RIO DE JANEIRO Brazilian federal prosecutors in the country's state of Para have asked a court to suspend operations at Vale's Onça Puma nickel project in the Brazilian Amazon, alleging Vale failed to meet obligations to two Indian tribes in the region.
The mine suspension is part of a lawsuit that the prosecutors have filed against Vale, the Para-state environmental secretariat and Brazil's Indian affairs foundation on behalf of the Xikrin and Kayapó tribes, the prosecutors said on their website.
Vale is the world's second-largest producer of nickel, a product primarily used to protect steel from corrosion. Its $2.65 billion Onça Puma mine began full operations in the third quarter of 2011 and is still at a start-up phase. In the first quarter of 2012, it produced 4,000 metric tonnes (4,409.2 tons), or 6.3 percent of Vale's output.
Onca Puma is eventually expected to produce about 55,000 metric tonnes a year of the metal in the form of ferronickel, according to Vale's website. Nickel is Vale's second-most important product after iron-ore. Vale is the world's largest producer of iron-ore.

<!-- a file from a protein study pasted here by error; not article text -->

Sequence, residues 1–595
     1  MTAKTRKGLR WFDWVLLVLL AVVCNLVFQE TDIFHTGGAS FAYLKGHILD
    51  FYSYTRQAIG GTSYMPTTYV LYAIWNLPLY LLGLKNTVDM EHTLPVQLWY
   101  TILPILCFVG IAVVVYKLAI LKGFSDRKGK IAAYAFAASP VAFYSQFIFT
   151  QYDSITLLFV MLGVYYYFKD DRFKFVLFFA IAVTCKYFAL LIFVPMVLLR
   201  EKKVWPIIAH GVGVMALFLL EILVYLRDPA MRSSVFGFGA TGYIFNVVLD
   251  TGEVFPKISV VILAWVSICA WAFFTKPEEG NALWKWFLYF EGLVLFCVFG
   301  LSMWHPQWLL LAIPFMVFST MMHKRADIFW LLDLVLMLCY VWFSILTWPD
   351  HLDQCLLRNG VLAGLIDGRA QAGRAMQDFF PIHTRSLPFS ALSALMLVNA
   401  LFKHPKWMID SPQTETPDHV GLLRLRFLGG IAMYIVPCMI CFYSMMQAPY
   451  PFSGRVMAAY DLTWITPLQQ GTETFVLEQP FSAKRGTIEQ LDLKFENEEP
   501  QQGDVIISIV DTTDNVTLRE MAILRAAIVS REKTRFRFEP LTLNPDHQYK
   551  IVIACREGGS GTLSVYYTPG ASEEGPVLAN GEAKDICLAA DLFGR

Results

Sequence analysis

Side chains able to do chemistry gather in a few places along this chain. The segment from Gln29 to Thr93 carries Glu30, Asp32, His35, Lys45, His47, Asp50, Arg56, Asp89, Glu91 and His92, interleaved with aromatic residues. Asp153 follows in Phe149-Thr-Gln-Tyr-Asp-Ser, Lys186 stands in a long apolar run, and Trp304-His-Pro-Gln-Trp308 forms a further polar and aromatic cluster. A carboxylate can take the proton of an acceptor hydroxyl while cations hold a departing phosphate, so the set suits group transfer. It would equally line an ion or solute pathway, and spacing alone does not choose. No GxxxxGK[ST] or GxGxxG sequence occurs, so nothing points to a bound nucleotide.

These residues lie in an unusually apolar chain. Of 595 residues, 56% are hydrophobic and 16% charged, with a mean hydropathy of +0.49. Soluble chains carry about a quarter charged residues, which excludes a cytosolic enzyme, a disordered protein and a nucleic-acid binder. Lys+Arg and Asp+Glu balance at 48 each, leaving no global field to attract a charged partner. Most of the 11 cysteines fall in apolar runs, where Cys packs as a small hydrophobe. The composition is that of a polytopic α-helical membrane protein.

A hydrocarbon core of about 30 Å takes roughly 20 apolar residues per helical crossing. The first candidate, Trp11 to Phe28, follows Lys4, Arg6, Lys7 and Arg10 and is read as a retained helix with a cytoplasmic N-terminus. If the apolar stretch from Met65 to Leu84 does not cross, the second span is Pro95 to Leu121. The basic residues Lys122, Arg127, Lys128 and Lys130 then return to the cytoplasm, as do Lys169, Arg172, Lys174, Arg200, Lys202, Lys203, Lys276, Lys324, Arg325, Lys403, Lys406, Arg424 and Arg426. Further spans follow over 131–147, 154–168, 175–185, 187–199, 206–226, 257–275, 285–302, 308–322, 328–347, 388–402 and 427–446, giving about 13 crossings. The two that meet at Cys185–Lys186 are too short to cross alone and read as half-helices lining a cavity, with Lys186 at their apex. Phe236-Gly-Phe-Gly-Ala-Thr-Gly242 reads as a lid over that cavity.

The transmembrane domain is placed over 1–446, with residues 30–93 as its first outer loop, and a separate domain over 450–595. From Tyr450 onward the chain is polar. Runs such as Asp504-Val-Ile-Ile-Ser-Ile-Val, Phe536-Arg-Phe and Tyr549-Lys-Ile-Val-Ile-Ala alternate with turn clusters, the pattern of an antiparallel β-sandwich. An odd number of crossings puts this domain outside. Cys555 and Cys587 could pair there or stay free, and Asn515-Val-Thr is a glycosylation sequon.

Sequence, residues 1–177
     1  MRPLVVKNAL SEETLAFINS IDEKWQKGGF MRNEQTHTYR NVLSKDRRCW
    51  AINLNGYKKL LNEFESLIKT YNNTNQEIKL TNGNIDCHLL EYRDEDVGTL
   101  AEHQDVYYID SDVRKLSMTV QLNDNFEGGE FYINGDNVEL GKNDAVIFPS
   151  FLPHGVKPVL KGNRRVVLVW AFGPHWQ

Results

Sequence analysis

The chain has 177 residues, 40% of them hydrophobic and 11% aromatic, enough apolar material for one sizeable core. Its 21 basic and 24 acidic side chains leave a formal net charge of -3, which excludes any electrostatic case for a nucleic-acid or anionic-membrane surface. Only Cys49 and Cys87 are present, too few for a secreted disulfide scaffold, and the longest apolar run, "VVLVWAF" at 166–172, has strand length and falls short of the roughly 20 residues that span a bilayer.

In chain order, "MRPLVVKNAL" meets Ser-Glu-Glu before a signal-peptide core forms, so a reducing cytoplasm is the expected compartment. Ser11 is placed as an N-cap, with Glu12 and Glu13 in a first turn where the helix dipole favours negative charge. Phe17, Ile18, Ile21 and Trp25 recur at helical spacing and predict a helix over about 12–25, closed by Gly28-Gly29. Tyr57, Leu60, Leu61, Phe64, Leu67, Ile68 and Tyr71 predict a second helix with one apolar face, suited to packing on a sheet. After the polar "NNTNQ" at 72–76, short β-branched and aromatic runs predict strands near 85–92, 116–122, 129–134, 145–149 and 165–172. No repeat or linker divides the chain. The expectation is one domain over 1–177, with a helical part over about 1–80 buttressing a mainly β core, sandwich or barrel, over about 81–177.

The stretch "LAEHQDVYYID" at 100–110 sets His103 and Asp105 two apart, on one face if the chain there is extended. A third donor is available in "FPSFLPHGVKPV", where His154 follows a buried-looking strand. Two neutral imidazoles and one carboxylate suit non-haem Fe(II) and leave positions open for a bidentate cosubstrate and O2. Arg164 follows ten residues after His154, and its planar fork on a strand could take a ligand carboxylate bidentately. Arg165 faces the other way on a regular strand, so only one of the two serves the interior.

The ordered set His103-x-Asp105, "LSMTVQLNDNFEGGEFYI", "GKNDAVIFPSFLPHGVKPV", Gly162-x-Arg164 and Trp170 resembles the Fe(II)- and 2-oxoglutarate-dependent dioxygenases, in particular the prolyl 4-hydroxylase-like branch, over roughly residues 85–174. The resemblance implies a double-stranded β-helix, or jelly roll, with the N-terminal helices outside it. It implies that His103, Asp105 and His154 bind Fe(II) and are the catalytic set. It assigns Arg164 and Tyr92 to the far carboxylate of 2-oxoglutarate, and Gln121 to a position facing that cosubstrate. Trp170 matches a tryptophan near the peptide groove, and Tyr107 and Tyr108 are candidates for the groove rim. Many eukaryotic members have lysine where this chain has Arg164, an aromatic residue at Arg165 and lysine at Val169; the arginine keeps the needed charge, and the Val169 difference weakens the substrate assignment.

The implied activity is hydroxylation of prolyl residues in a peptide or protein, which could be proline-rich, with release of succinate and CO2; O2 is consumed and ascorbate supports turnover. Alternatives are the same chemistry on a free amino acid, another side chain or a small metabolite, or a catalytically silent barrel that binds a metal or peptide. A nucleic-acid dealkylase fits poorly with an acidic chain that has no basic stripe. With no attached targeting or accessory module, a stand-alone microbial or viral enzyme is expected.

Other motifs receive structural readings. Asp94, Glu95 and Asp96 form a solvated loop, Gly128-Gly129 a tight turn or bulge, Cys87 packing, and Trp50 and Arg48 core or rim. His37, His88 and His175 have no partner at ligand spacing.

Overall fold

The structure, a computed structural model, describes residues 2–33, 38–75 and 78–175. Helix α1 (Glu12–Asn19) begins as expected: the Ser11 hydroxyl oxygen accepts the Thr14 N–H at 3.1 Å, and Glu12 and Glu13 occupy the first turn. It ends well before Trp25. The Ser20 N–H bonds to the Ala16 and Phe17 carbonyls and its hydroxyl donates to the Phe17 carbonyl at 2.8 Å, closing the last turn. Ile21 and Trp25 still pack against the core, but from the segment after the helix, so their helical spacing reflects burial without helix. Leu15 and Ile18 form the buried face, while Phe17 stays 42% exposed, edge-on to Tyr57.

Vale produced 242,000 metric tonnes of nickel in 2011.
Prosecutors allege that Vale has failed to provide compensation to the Indian groups or mitigate the impact of the mine on their communities for the two years the project has been in operation, the statement said.
Vale, they allege, should not have received a license to operate the mine in Ourolandia do Norte, Brazil, because it has failed to meet these conditions which were set out in the preliminary license for the mine.
The lawsuit seeks at least 48 million reais in damages ($24.24 million), or $1 million a month for each tribe, since the project began, the statement said.
Indian groups in Brazil's Amazon have a long history of protest against Vale. They have blocked the company's rail lines and delayed metals shipments.
Vale officials have said that many of the tribes protests are an attempt to get Vale to pay for services that the government is obligated to provide but doesn't.
($1 = 1.9828 Brazilian reais)
(Reporting by Jeb Blount; Editing by Kenneth Barry)